Doug McDermott spent his senior season passing a lot of big names on the career scoring list. He is now among some very select company.
The senior forward from Creighton was a unanimous choice for The Associated Press All-America team on Monday. He is the first three-time choice in 29 years and the 11th player overall.
McDermott, who led the nation in scoring at 26.9 points a game, joins Oscar Robertson, Lew Alcindor, Pete Maravich and Bill Walton among others. The last three-time All-Americas were Patrick Ewing of Georgetown and Wayman Tisdale of Oklahoma from 1982-85.
“Never in my wildest dreams did I imagine being with names of that caliber,” McDermott said. “Truly an honor to be an All-American three straight years. It’s hard to wrap my mind around being in the company of those guys.”
McDermott was one of four seniors on this year’s team, which included freshman Jabari Parker of Duke. The other seniors all came from the first-year American Athletic Conference: Russ Smith of Louisville, Shabazz Napier of Connecticut and Sean Kilpatrick of Cincinnati.
It’s the first time one conference had three players picked since the Atlantic Coast Conference in 2001-02 with Duke’s Shane Battier and Jason Williams and North Carolina’s Joseph Forte.
McDermott received 65 first-team votes and 325 points from the same national media panel that selects the weekly Top 25.
Parker drew 55 first-team votes and was second with 303 points. Smith had 54 first-team votes and 298 points, 44 more than Napier, who got 37 first-team votes. Kilpatrick was a first-team pick 37 times and had 243 points.
The voting was done on Selection Sunday.
McDermott led Creighton to a successful first season in the Big East but the Bluejays lost by 30 points to Baylor in the third round of the NCAA tournament.
“You can’t take away from what we did this year. We made some noise in the first year of the Big East, and we beat some great teams and got a three seed for the first time in school history,” he said. “All that is very special, something we’ll never forget.”
The 6-foot-8 McDermott averaged 7.0 rebounds and shot 52.5 percent from the field and 45.4 percent from 3-point range. McDermott considered leaving for the NBA after last season.
“I’ve been blessed to coach him 33 more times this year than I thought I was going to,” Greg McDermott, his father and coach, said before the NCAA tournament. “This year has been so much fun. It’s been such a privilege as a father to be able to sit on the sideline and watch your son do what Doug’s done over the course of this season. Arguably he had more expectations on him than any player in the country, and he was able to answer every critic in the world with his play and our team’s play.”
Parker was one of the heralded freshmen this season, and he was the one who crashed the seniors’ All-America party. The 6-8 native of Chicago averaged 19.3 points and 8.8 rebounds, taking over the scoring load for the Blue Devils down the stretch of the season.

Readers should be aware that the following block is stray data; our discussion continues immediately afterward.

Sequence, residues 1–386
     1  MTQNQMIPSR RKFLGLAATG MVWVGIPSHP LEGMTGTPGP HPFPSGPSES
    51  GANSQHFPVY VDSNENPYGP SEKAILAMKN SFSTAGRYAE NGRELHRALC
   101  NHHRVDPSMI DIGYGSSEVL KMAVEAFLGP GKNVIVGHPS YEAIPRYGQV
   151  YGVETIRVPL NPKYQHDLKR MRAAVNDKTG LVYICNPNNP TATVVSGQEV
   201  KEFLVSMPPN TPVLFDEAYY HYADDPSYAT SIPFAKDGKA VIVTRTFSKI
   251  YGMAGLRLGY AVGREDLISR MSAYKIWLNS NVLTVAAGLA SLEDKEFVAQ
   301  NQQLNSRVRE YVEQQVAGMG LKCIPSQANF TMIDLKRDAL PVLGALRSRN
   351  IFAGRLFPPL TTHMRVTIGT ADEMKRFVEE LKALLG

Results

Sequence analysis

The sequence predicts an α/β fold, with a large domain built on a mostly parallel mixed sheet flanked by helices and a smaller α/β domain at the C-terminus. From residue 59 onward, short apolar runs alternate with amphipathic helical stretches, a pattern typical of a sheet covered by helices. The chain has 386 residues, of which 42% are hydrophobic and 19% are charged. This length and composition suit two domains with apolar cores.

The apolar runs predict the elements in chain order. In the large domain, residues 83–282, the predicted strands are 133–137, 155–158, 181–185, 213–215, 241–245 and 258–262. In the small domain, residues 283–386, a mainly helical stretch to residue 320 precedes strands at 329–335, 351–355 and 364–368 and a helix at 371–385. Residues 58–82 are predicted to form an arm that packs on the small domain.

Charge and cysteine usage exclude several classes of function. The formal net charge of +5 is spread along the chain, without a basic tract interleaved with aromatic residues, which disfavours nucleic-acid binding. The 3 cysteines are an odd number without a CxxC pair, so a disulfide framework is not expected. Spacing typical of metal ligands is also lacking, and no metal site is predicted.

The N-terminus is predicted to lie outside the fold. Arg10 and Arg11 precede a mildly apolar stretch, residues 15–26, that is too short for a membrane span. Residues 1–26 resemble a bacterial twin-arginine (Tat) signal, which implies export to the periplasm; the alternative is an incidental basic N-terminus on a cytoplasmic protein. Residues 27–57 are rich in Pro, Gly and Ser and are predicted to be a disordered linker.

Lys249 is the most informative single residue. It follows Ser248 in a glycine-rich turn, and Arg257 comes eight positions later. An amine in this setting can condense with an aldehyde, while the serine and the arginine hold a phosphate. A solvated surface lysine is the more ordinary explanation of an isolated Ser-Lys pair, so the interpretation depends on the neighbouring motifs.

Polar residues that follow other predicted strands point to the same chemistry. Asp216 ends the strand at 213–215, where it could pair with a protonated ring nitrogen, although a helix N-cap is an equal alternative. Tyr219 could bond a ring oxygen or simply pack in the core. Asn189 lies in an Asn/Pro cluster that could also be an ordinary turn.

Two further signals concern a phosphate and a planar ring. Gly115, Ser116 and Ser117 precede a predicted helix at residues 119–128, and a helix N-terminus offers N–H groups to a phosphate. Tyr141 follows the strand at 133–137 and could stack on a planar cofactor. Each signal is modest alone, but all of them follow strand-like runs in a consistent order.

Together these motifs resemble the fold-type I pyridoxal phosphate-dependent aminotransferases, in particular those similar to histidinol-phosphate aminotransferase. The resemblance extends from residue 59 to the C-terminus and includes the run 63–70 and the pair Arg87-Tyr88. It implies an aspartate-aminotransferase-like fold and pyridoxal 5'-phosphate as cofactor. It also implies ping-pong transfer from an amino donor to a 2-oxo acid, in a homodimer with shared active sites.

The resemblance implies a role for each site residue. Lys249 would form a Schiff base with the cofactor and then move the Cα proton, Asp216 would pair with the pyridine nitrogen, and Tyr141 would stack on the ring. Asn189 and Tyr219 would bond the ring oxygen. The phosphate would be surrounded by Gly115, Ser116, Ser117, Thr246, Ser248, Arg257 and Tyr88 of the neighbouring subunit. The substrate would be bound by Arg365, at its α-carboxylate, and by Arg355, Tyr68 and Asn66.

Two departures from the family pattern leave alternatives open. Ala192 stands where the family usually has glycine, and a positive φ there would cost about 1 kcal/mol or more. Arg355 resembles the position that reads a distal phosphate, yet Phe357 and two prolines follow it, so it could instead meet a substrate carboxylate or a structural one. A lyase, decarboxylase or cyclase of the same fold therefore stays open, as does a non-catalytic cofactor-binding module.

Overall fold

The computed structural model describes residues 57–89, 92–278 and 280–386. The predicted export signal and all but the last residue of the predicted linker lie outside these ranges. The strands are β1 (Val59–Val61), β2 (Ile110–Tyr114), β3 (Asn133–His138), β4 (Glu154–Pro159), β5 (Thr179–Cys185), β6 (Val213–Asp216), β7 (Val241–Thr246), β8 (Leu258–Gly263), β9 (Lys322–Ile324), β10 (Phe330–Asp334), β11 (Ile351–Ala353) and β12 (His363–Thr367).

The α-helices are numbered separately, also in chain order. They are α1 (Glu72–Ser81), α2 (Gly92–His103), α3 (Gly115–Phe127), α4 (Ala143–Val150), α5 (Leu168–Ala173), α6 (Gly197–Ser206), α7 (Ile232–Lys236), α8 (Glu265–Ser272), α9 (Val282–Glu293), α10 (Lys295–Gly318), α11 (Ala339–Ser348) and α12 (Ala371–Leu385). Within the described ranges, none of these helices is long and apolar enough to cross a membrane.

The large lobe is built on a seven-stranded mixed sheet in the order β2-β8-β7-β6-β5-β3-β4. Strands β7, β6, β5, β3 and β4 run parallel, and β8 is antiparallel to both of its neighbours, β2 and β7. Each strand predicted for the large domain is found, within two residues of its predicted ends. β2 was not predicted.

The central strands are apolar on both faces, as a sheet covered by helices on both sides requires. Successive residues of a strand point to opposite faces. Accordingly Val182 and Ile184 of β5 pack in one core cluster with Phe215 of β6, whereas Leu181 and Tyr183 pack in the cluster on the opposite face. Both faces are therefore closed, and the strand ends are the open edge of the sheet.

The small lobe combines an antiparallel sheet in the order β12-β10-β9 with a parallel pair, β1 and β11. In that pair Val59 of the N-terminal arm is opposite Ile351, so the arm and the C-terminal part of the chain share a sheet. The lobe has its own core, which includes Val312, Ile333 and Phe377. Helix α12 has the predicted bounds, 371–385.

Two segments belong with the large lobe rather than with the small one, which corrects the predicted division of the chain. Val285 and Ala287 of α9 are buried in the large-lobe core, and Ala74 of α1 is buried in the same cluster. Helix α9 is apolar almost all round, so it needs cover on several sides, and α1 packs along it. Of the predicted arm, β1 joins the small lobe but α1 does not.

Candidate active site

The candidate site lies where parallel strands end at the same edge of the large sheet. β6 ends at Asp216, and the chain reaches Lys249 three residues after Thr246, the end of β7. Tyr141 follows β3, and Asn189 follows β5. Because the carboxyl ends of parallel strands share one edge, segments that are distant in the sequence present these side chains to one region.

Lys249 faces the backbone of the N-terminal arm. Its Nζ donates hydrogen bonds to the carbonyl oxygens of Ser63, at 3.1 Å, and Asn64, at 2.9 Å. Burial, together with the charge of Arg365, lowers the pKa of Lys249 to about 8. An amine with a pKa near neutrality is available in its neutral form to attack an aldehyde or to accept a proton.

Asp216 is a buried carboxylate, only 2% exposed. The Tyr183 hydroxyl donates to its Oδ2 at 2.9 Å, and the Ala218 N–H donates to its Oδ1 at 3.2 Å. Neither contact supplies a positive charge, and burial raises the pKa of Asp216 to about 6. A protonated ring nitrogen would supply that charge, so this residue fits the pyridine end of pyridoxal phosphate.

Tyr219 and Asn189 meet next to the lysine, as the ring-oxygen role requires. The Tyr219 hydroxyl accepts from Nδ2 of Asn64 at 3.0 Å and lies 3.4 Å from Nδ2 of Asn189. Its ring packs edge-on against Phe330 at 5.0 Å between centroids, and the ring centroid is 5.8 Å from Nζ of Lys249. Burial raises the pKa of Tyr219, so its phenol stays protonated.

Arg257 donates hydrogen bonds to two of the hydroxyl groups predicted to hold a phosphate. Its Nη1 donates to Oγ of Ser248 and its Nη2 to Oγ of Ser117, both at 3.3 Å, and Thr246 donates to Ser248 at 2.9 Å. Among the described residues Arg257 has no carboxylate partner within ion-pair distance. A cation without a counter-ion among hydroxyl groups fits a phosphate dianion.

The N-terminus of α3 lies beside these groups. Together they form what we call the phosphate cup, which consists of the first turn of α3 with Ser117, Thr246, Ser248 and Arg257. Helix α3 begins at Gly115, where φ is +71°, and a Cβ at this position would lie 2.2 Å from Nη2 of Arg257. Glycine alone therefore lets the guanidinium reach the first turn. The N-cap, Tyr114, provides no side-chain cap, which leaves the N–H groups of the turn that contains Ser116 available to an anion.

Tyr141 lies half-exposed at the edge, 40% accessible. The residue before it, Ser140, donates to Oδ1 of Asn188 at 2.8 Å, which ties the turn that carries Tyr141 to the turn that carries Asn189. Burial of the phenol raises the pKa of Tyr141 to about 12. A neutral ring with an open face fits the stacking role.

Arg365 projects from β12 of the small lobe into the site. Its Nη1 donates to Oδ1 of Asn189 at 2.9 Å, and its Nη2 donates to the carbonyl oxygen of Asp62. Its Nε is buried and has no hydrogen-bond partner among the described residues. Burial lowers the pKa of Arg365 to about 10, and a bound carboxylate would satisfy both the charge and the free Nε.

He is the first Duke first-teamer since Nolan Smith in 2010-11 and the first freshman since Anthony Davis of Kentucky two years ago.
“Being named AP All-American is as high an honor as you can get because it covers the whole country,” Duke coach Mike Krzyzewski said. “Jabari had a great year and for him to be recognized like that is quite an accomplishment for him and our program.”
Smith brought the term “Russdiculous” into the national spotlight as he followed his national championship season with Louisville by averaging 18.3 points, 3.4 rebounds, 4.7 assists and 2.1 steals while shooting 40.5 percent from 3-point range. There was a lot of speculation that Smith was going to leave after his junior season.
“It’s a lot of things in the back of your mind, as far as, will you get hurt, is it the right decision, will you get drafted, will you make money?” Smith said. “But at the end of the day, it was important for me to get my education and get my degree and finish out my senior year out on a good note.”
Napier led Connecticut in scoring (17.4), rebounds (5.9) and assists (4.9) and it was his buzzer-beating jumper that gave the Huskies the win over Florida on Dec. 2, the Gators’ last loss. Napier was the leader of a team that managed to reach the Final Four after being picked as a No. 7 seed.
“He’s been great,” Huskies coach Kevin Ollie said. “If it wasn’t for him and his wining mindset we wouldn’t be where we are. For him to share the spotlight with his teammates meant a lot to us all season.”
He is the Huskies’ first All-America since Kemba Walker in 2010-11. Napier and Walker are close friends, and Napier said it would “definitely be cool” to share the news with his mentor.
Kilpatrick, Cincinnati’s first All-America since Steve Logan in 2001-02, averaged 20.7 points, 4.4 rebounds and 2.6 assists for the Bearcats, who shared the American’s regular-season title. Kilpatrick joined Oscar Robertson as the only Cincinnati players to score 2,000 points.
“When you have to mention such a Hall of Fame guy like Oscar Robertson and what he’s done at the university, now you have to mention my name as well.” he said. “I appreciate it a lot.”
Nick Johnson of Arizona was the leading vote-getter on the second team and was joined by freshman Andrew Wiggins of Kansas, Nik Stauskas of Michigan, Melvin Ejim of Iowa State and T.J. Warren of North Carolina State.
AP Sports Writers Eric Olson in Omaha, Neb.; Joedy McCreary in Raleigh, N.C.; Eddie Pells in Denver; and Joe Kay in Cincinnati contributed to this report.